Checking the bump fire timeout, I noticed that the new model didn’t time out when moving at a normal rate. Now when installing trim, you can fire nails in the bump fire mode in one stud location and then scoot to the next stud location and fire some more and the Gen 2 model will not time out and let you continue working while still holding down the trigger. The new model will eventually time out on you if you wait long enough, however it takes longer to do so.

The gen 2 model can also shoot at a slight angle when tilted forward while the contact tip is still making contact with the surface however if you tilt too far forward, it wont shoot. However, I noticed there’s a line mark above the nail hole when the gun is tilted forward. It’s not like the doubleshot but more of a slight line mark like a stamp. It’s not very deep and could probably be fixed easily with a little bit of sanding. It’s very nice to see they addressed all the issues that plagued the first model and revised the fixes in the Gen 2 model.

Milwaukee also claims that the new model has an “unmatched” fire rate. Any time a manufacturer makes claims, I like to test them to see if they are true or not. One of the tests I did was the bump fire test to see how fast it can shoot and the Gen 2 model has a very fast fire rate. It can keep up with everything I threw at it and was incredibly fast. It can go much faster than the speed I work at so it’s not something I need but it is nice to see it can go at an insane rate of fire. For those of you that work very fast, this will no doubt appeal to you.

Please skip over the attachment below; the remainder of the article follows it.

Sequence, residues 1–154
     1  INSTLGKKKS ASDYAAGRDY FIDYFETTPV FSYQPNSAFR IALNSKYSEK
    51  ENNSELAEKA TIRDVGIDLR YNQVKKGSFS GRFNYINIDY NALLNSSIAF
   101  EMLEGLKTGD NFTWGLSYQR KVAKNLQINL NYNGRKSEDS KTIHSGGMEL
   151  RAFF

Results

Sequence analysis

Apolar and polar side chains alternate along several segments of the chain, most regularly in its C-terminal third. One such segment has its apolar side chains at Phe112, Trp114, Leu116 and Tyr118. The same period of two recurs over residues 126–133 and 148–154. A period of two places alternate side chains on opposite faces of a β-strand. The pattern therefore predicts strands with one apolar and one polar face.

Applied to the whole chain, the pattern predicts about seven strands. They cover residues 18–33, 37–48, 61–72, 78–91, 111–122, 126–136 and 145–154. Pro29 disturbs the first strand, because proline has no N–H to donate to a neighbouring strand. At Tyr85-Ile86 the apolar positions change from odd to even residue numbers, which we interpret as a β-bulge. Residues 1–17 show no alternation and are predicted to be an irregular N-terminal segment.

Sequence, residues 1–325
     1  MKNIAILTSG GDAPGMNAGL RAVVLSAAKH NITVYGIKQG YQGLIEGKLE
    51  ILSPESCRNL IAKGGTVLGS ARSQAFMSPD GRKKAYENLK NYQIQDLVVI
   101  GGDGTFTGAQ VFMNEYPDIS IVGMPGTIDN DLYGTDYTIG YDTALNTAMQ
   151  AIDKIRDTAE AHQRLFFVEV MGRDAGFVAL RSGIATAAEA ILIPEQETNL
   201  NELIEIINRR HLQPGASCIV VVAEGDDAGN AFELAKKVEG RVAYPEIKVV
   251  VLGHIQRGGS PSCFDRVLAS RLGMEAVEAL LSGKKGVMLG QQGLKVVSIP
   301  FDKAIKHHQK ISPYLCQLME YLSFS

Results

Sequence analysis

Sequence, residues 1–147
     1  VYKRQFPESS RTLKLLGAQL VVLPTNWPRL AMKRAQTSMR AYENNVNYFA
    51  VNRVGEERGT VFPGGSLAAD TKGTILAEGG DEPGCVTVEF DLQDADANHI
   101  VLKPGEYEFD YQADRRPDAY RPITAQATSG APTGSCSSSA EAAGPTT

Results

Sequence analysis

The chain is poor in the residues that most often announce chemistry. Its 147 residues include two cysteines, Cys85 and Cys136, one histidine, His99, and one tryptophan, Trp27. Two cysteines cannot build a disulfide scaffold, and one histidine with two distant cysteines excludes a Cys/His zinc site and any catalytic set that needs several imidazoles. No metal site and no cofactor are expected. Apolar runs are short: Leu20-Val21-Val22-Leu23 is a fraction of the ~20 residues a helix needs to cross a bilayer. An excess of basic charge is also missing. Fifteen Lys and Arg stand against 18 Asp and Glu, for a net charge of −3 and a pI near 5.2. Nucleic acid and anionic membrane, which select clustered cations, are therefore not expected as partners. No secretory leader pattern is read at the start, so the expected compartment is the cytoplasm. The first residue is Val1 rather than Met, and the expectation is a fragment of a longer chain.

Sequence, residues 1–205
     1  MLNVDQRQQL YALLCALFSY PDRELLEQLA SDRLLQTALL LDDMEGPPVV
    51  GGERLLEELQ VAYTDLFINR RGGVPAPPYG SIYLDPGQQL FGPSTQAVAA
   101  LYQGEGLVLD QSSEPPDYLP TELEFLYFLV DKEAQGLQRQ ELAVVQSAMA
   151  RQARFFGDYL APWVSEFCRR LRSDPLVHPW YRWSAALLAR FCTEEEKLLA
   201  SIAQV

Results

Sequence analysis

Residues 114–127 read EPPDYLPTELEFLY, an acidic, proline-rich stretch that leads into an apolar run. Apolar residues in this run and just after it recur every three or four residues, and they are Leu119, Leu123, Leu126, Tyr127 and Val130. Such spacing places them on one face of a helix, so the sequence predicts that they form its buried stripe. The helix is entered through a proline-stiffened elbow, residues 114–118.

All is not perfect as I did find a rather odd quirk with the new nailer. This nailer has the dry fire lockout which means it will not fire when the magazine is empty. This is completely true and when tested, would not fire if there were no nails left. This is because the nailer locks the contact tip so it can’t be pushed in and fired. However when the nailer has very few nails left, about 5, the contact tip slightly locks but a simple push can go past the lock. You’ll notice this when the nailer requires a bit more pressure to push the contact tip and you’ll hear a click. At this point the nailer can still fire, however when you’re down to about 5 nails left, it will only fire blanks. These blanks not only add unneeded extra holes to your work piece, they also are larger than normal with a line going through the hole, like a strikethrough. This is probably the firing pin making contact with the surface. All these extra blank fire holes add extra work to patch up and are adding damaging to your work surface. The only workaround I can think of is to add more nails when the contact pin starts clicking on you.